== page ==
Student Homelessness at Georgia State

Graduate students in Nutrition opened Panthers Pantry in 2014 after a survey discovered that 68% of GSU students had faced a type of homelessness since starting their studies. Photo by Sameoldsmith on

Names of students have been changed to protect anonymity.

College student homelessness is a serious problem in the United States. Though the problem may seem hard to spot, it is right under our noses. The Hope Center for College, Community and Justice of Temple University surveyed nearly 86,000 U.S. university students and found that 32% have experienced homelessness.

Many students at Georgia State are currently experiencing homelessness or food insecurity. Panther’s Pantry is a food pantry located on the main Atlanta campus. Graduate students in Nutrition opened the pantry in 2014 after a survey discovered that 68% of Georgia State students had faced a type of homelessness since starting their studies. 

Since the COVID-19 pandemic started, Panther’s Pantry has seen a dramatic increase in student visits. The pantry serves as many as 135 students in one week, while prior visits were only about 11-13 students per week. 

Adela, a 22-year-old Art major at Georgia State and a regular at Panther’s Pantry, has recently been experiencing a period of homelessness over the past few months. Due to a turbulent home situation, Adela finds themselves floating in between spaces and crashing on couches. 

Adela identifies as non-binary and uses they/them pronouns. Their parents, refusing to accept them, created an environment so toxic that they would rather couch-surf than be stuck in their childhood home. 

Adela has had a hard time with their studies this semester, bouncing between multiple jobs and having nowhere to call home. They said it feels like school should be their main priority, but it is almost impossible to focus on studies without a place to lay their head at night. 

Charles, a 23-year-old Business major at Georgia State, faced homelessness when he discovered that a family member had stolen thousands of dollars from him. He said that the relative had wholly drained his savings, leaving him with nothing and nowhere to go. 

He began living out of his car. He went to school full-time during the day while also working evenings as a bartender. Charles said the hardest part of being a homeless student was the strain it put on his studies and the struggle of trying to feed himself. He said he dropped around 15 pounds during the six months while living in his car.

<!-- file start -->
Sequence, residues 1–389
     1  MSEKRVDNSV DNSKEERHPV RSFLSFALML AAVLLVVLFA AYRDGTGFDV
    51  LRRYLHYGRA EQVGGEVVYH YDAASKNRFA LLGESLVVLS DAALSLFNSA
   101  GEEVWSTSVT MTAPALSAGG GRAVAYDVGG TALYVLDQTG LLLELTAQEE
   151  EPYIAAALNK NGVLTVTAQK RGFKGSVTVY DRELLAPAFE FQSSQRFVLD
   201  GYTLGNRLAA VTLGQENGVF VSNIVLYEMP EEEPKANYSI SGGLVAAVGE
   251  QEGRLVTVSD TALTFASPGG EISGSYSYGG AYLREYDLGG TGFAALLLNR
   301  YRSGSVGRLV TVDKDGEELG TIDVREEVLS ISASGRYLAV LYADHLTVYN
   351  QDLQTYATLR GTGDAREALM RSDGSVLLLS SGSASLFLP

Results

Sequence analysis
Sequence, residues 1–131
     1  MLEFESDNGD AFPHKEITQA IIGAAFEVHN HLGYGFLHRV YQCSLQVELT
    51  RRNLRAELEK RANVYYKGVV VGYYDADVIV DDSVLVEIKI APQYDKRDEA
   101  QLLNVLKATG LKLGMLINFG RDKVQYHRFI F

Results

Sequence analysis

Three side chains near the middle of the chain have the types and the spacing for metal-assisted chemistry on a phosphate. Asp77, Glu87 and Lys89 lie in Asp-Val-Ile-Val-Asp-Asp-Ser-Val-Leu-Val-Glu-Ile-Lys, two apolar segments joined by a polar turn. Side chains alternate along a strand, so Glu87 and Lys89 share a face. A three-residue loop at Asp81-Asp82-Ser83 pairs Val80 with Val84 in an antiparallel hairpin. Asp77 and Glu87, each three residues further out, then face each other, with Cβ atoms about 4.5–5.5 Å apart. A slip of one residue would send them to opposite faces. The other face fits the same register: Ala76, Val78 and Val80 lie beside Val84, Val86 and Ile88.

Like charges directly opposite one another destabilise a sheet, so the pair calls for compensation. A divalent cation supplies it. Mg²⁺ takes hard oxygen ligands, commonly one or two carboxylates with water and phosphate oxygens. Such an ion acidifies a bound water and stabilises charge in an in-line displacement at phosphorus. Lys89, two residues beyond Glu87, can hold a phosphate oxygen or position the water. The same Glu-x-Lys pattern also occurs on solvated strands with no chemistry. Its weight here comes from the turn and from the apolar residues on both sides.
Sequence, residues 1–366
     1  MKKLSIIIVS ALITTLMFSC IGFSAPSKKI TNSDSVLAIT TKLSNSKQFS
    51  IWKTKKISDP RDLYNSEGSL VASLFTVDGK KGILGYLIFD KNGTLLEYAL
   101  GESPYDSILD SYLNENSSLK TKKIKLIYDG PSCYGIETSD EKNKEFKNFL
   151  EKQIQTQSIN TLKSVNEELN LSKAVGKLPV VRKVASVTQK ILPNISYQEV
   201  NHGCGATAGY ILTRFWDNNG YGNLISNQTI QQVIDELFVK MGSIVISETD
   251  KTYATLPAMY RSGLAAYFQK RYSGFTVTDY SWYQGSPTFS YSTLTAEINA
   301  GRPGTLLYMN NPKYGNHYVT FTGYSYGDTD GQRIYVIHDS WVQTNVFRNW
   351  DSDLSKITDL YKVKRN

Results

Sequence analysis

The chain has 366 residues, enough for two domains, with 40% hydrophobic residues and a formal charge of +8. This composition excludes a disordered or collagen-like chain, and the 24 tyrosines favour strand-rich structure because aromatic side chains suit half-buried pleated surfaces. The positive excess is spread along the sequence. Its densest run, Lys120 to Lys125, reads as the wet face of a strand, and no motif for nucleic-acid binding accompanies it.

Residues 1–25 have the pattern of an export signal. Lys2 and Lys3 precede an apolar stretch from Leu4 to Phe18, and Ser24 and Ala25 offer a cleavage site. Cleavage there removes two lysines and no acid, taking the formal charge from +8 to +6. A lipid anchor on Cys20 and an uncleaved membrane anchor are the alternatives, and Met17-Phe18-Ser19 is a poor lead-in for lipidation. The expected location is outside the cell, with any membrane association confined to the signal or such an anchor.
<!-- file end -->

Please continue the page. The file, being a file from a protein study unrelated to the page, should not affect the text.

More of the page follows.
When it was too cold to sleep in his car, he offered to cook his friends a nice meal using whatever they had in the fridge in return for a place to stay for the night. His friends loved his cooking so much that sometimes they would ask him to stay for a few days. Charles said these were his favorite days when he had a warm meal and a couch.

It doesn’t help that there are few resources for homeless students on campus. The food pantry is a great start, but it’s not enough. Georgia State could be and should be doing more for its homeless students. 

The school has resources for homelessness on the GSU website under a tab called The Embark Network. Still, it is merely a list of things like the phone numbers for the Counseling Center and the University Advisement Center. These are not entirely unhelpful as mental health is an important thing to take care of, especially in such a stressful situation, but it is simply not the priority for someone who has no place to sleep. 

Finding assistance can be tricky because, in many cases, homelessness is not an immediate emergency but a slow burn. This reality means many students do not qualify for emergency assistance until too late. 

A reallocation of funds is necessary to start fixing this problem. The FAFSA and CARES Act grants are not enough to cover the entire cost of attendance at Georgia State. An on-campus organization dedicated to solving student homelessness would be an incredible way to increase awareness of the issue. 

It is absurd for students to worry about having food to eat and a place to sleep, on top of already having to worry about classes, grades and transportation. Especially when the school has the resources to ensure all students are safe and happy. 

If you are a student experiencing homelessness or food insecurity, please know you are not alone, and resources are available. If you require emergency assistance, you can fill out an Emergency Assistance Request

If you face food insecurity, you can visit the Panther’s Pantry. There are pantry locations on the Atlanta, Clarkston, Decatur and Dunwoody campuses.